Download the print here.
Note: You need Fritzing for this. For the direct toner transfer, the printed side of the printed pdf file, goes directly against the copper layer for transfer. Once it is transferred, you will be looking at the ink from the other side and thus see the text normal again. I made slight alterations in thePCB: I removed the zenerdiode and the LED is no longer in series with the optocoupler.

I used a TIC206. That can deliver 4 amperes. Keep in mind though that the copper tracks of the PCB will not be able to withstand 4 Amperes. For any serious load, solder a piece of copper installation wire on the tracks leading from the TRIAC to the connectors and on the track between the two connectors.

In case it is not clear what the inputs are: from top to bottom on the second picture:
Interrupt signal (going to D2 on arduino)
Triac signal (coming from D3 on Arduino)

If you have an H11AA1or IL 250, 251 or 252 opto-coupler then you do not need the bridge rectifier. These have two anti-parellel diodes and thus can handle AC. It is pin compatible with the 4N25, just pop it in and solder 2 wire-bridges between R5 and + and R7 and -. The LTV814 is not pincompatible


<p>I cant make it to work.I have done the circuit 5 times now from scratch and it still wont work.I uploaded sketches 1 and 2, and I changed the pins in case my arduino doesnt work properly.The first time i did the circuit my lamp just flickered, now it doesnt even turn on.What could i possibly be doing wrong?I dont have an oscilloscope to see the wave in detail.Also i use a bridge GBU 6K(800 V ,6 A).</p>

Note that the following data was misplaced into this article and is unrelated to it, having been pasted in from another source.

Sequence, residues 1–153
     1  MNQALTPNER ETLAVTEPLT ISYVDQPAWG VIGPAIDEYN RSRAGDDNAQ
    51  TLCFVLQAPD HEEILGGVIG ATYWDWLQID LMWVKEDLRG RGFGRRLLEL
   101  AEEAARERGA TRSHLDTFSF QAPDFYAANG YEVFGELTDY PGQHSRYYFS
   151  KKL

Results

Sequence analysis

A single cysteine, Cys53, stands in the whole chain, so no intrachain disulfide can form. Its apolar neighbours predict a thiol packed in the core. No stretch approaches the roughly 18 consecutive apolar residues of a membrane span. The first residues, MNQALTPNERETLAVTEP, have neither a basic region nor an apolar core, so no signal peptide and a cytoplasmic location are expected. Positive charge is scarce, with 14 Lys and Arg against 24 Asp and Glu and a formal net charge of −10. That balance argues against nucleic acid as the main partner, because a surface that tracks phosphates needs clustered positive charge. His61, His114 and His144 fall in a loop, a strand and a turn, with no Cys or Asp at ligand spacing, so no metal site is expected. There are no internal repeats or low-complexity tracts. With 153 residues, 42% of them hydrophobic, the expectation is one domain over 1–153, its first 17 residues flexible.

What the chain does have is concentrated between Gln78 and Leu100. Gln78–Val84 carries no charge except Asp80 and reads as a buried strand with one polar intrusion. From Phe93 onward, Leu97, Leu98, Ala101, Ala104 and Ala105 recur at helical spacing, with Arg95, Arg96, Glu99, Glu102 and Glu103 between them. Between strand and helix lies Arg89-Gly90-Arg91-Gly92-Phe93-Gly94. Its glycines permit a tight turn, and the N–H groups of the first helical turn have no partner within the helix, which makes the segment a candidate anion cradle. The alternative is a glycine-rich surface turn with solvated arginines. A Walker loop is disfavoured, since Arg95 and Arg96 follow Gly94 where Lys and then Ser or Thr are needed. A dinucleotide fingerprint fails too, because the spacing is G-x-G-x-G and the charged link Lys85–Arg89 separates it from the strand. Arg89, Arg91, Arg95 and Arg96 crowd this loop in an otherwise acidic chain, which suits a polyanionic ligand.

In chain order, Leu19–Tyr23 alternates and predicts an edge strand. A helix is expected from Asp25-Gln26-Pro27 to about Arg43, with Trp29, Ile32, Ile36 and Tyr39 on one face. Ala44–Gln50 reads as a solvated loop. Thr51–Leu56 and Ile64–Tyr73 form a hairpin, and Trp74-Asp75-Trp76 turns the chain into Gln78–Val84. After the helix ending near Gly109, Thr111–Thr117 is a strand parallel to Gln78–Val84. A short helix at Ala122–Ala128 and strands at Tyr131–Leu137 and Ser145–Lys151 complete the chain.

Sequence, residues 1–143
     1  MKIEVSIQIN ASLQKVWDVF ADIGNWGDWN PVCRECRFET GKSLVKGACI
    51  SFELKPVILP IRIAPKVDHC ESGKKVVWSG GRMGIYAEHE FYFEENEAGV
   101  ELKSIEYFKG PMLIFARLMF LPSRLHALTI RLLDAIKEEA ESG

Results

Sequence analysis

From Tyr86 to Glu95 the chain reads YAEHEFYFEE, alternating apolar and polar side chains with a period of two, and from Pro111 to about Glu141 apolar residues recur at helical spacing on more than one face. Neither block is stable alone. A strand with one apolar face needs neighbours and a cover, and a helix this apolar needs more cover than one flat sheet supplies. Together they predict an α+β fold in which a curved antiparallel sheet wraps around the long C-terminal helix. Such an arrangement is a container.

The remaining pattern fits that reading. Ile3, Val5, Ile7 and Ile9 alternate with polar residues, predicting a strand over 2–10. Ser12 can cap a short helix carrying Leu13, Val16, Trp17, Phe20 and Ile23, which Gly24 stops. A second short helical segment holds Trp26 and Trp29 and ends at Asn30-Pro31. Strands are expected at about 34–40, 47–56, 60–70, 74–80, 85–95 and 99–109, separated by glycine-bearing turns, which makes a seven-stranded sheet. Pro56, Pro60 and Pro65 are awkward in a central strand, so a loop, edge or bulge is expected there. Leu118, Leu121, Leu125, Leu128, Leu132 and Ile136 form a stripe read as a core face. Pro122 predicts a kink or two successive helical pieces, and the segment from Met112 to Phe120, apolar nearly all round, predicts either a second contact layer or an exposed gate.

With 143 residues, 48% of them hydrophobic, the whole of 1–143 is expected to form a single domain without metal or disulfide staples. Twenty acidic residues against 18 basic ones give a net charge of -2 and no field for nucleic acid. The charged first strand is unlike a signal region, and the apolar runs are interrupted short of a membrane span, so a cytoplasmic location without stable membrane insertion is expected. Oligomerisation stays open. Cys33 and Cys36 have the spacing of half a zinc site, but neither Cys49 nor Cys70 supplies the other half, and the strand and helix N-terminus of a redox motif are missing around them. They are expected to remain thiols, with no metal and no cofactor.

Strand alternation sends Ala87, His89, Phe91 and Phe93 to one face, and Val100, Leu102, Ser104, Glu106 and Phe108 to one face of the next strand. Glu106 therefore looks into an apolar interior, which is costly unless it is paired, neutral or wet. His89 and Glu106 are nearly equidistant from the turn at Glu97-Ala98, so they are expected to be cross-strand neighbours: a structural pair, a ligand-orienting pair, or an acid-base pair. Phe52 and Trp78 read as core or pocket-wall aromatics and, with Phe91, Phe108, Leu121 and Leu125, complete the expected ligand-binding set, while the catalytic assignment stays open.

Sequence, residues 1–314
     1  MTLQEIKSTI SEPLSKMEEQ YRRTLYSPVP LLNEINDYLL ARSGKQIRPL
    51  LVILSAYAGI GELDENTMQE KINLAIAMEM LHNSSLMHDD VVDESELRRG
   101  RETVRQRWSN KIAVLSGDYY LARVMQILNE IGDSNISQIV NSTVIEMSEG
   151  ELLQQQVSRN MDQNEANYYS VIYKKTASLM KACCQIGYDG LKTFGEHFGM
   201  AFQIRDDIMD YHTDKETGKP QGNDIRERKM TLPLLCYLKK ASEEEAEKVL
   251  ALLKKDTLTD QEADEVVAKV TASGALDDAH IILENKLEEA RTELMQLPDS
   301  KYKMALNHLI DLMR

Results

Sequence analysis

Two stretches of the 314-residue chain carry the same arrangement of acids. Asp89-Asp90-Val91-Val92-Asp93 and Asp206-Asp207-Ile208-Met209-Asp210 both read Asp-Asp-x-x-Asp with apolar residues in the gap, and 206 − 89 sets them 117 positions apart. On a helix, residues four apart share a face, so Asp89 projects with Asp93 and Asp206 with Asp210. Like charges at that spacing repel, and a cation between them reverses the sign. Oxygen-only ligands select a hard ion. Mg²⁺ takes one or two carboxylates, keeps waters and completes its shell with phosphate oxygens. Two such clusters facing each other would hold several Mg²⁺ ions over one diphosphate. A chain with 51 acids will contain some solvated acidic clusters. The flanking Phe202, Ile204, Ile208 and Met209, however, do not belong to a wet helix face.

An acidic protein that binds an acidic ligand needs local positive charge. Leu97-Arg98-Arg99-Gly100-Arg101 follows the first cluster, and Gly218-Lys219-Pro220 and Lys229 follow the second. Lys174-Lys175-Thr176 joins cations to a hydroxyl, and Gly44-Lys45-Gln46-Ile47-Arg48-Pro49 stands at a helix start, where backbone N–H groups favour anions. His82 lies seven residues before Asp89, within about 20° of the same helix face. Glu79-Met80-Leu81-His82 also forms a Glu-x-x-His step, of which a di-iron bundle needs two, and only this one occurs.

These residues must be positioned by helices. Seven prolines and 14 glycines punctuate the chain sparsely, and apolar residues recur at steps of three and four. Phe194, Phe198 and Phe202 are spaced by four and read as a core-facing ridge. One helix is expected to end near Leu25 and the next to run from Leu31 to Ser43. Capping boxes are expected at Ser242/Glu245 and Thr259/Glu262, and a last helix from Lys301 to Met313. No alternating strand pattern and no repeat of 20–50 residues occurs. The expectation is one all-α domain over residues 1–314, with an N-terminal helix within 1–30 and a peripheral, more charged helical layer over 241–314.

<p>alex, that is too bad. I have build it I think 10 times and it worked every time. In fact, there cant be much wrong with it. As the outcome between yr first build and your last build is different, somehow it must be a hardware problem. Are you using the same components at every build?<br>Are you sure you make the right connection, please recheck. How do you build it? on pertinax or breadboard.<br>What happens if you disconnect the arduino and just put 5 Volt on the entrance of the circuit and then plug it into the mains?<br></p>
<p>I made this for five bulbs . but there is a flickering. flicker rate is not constant, flicker rate change with the time and its looks periodic. its increase with time and then decrease. then flickering stop, after about 1 second its start flicker again. can you please tell me the problem. its not the number of bulbs i have used, even with one bulb there is flickering . i changed the resister values from 33k to 16.5k, detect zero cross using a 12v transformer, replace optocouplers. changed the 4n25 pull up resister from 10k to another value. nothing helps. flickering rate and pattern remaining same . can you please help me. thank you for this great instructable .</p>
<p><a href="http://www.instructables.com/member/%E0%B6%85%E0%B6%BA%E0%B6%B1%E0%B7%8A%E0%B6%B8">අයන්ම</a> I am not sure if you saw my 3 channel light dimmer, but that is just for your information.<br>There can be various reasons for flickering: software and hardware, so lets see where the problem is. I presume you have juist built the triac circuit 5 times and the zerocross one time.<br>What happens if you ignore the 4 channels and just use one and use my demo program? What happens then?</p><p>Flickering coz of hardware is usually because of a dirty psu. What happens if you feed your microcontroller from a battery?</p><p>I presume you used the 16.5k to get a smaller pulse, but apparently that was not the solution. Though you can use a transformer to get the pulse off but the quality of the transformer is of importance.</p><p>Do you have flickering over the entire range? Is there also flickering if you write one value to the optocoupler? say, 70.</p><p>Disconnect your microcontroller and put 5 volt on the entrance of your circuit. Do you have flickering too? </p><p>Anyway.. try that and try also feeding the microcontroller with a battery </p>